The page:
Hildegard of Bingen
(1098-1179)
   Also known as St. Hildegard. A German Benedictine abbess and mystic whose advanced social and theological views are based on a series of " visions she experienced from the age of 3. On the basis of her own portrayals of these visions, one may conclude that Hildegard experienced " elementary visual hallucinations from childhood onwards, in the form of "a great light of brightness". That light was often accompanied by "verbal auditory hallucinations (VAH) which she attributed to heavenly messengers. The simple visions were later replaced by brightly coloured " complex visual hallucinations, depicting buildings, water imagery, landscapes, animals, people, heavenly creatures, and representations ofthe cosmos and the Deity. Among these were also " compound hallucinations that took the form of "personifications. Hildegard was very clear on her sensorium during these visions, writing, "I hear these things not with my bodily ears, nor the thoughts of my mind, nor perceive them through any combination of the five senses, but entirely within my soul, with my external eyes open, so that I never suffer a lapse into ecstasy, but I see them fully consciously by day or night." This characterization would seem to fit in well with the formal characteristics of "panoramic or scenic hallucinations. It is known that Hildegard's health had always been delicate. Throughout her work positive descriptions of headaches are lacking, but it has been suggested that the crises she went through from 1141 onwards were caused by migraine attacks. In 1917 the British historian of science Charles Joseph Singer (1876-1960) was the first to attribute Hildegard's visions to migraine. In Singer's opinion, Hildegard's earlier visions might well have been attributable to migraine aurae without headache, and the later ones to migraine with aura. The signs and symptoms portrayed in Hildegard's work are indeed reminiscent of what we would call "photopsia, "scotomata, "amaurosis fugax, transient paresis of the limbs, and illusory alterations in the passage of time, i.e. phenomena known to occur in the context of migraine. Although less common, the complex and compound hallucinations described by her also occur in the context of migraine. However, these latter symptoms are also reminiscent of "peduncular hallucinations. Others have suggested that Hildegard's visions may have been caused by recurring states of temporal lobe epilepsy. The combination of seeing a bright light and hearing voices has also been interpreted as a description of " synaesthesias. Hildegard's canonization may be taken as confirmation of the Church's acknowledgement that Hildegard's visions should be interpreted as " veritable. Hildegard has also been credited with being the first to provide a written description of the psychoactive effects of "nutmeg in her book Physica.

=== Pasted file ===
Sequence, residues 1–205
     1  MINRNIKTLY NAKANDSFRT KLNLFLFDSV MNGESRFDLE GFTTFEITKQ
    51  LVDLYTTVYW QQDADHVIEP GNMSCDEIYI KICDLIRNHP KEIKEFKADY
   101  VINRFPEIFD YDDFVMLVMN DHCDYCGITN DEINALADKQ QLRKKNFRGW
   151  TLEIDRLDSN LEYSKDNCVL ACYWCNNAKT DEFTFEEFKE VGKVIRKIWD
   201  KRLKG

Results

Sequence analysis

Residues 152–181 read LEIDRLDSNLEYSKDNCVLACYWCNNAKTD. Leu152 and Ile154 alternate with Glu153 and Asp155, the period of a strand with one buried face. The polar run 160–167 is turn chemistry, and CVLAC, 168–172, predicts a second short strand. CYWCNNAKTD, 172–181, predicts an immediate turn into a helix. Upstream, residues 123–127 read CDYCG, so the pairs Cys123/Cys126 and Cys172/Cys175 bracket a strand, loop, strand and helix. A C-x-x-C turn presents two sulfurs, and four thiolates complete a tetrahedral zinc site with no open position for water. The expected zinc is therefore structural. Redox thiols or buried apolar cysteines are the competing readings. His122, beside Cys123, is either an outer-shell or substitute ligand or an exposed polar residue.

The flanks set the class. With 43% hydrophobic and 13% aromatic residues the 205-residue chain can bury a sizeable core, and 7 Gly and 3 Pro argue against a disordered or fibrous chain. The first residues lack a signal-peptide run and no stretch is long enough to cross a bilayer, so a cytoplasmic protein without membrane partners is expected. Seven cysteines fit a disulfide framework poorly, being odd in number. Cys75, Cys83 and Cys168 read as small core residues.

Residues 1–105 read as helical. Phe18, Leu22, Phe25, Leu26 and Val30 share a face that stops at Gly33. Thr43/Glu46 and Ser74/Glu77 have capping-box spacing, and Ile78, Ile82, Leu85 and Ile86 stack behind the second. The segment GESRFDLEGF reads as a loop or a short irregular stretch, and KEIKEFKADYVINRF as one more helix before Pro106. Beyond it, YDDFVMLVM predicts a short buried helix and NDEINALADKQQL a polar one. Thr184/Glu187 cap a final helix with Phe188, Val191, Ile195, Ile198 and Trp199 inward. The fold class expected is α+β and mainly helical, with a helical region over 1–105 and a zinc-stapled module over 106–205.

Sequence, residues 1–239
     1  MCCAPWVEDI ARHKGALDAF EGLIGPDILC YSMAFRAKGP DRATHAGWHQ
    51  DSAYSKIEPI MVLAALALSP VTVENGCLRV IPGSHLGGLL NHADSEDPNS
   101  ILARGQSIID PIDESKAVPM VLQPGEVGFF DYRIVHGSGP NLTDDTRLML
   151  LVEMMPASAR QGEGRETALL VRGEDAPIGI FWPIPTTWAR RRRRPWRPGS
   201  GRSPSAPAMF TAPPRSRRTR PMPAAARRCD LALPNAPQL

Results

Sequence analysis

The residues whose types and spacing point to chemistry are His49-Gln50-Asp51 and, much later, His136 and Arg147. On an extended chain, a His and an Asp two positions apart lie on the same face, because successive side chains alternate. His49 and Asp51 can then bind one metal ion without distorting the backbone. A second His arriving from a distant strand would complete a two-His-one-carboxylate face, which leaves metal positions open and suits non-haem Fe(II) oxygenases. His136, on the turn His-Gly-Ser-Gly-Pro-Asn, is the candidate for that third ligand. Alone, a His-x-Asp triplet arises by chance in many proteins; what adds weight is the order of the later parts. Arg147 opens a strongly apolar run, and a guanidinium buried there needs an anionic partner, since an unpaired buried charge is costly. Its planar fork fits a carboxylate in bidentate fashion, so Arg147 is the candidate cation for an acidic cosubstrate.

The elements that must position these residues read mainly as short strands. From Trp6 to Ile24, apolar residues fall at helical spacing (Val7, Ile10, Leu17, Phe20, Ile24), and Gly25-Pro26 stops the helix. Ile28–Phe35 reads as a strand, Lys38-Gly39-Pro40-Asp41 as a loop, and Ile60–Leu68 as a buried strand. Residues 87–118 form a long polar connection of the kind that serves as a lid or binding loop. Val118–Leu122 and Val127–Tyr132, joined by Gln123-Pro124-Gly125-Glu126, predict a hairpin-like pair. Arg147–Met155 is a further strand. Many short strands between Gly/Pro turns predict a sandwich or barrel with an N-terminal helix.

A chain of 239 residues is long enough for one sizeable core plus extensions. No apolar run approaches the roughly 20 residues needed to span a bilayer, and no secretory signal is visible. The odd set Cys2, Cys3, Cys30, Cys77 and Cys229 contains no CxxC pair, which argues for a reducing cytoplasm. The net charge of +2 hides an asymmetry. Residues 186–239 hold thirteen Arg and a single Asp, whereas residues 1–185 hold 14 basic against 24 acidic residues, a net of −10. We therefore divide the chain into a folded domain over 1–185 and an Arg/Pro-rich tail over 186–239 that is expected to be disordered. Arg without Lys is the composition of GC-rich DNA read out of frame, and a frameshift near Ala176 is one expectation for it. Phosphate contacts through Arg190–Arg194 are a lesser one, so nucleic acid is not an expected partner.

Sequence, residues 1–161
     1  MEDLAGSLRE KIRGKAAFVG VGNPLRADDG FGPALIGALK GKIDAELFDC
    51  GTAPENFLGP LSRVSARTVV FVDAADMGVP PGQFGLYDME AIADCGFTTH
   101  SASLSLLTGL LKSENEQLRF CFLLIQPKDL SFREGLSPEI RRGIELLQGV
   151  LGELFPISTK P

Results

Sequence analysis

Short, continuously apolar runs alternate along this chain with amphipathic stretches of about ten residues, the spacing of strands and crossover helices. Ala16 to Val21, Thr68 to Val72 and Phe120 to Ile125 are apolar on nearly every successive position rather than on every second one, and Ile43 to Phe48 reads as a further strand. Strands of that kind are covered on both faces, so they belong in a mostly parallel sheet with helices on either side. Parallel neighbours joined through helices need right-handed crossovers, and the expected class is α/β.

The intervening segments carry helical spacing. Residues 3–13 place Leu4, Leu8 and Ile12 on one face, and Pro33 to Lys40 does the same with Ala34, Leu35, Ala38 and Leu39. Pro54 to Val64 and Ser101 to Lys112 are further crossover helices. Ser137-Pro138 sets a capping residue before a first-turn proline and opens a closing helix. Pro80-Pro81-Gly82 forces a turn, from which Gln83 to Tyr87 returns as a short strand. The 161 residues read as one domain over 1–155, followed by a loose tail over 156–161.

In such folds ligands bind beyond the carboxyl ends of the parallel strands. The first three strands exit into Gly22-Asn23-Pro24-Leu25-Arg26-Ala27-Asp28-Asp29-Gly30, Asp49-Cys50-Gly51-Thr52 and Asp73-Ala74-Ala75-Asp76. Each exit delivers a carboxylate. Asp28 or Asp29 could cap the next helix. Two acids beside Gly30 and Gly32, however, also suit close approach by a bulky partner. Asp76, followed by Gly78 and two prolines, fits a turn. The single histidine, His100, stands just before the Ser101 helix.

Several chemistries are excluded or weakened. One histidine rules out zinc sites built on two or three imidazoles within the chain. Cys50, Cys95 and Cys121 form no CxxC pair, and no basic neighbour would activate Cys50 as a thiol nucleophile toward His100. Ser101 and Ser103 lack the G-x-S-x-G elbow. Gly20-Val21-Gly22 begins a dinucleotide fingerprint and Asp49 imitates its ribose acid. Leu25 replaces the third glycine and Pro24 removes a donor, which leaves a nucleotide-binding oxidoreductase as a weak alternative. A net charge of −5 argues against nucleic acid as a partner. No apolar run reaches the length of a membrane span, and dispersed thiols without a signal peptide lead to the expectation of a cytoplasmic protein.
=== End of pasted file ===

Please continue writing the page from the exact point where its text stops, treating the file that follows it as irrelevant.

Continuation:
References
   Flanagan, S. (1998). Hildegard of Bingen. A visionary life. Second edition. London: Routledge.
   Muzur, A., Sepcic, J. (1997). Hildegard of Bingen - A temporal-lobe epileptic, an ingenious woman, or both? Acta Facultatis Medicae Flu-minensis, 22, 31-35.
   Rätsch, Chr. (2005). The encyclopedia of psy-choactive plants. Ethnopharmacology and its applications. Translated by Baker, J.R. Rochester, VT: Park Street Press.
   Singer, C., ed. (1917). Studies in the history and method ofscience. Volume 1. Oxford: Clarendon Press.

Dictionary of Hallucinations. . 2010.

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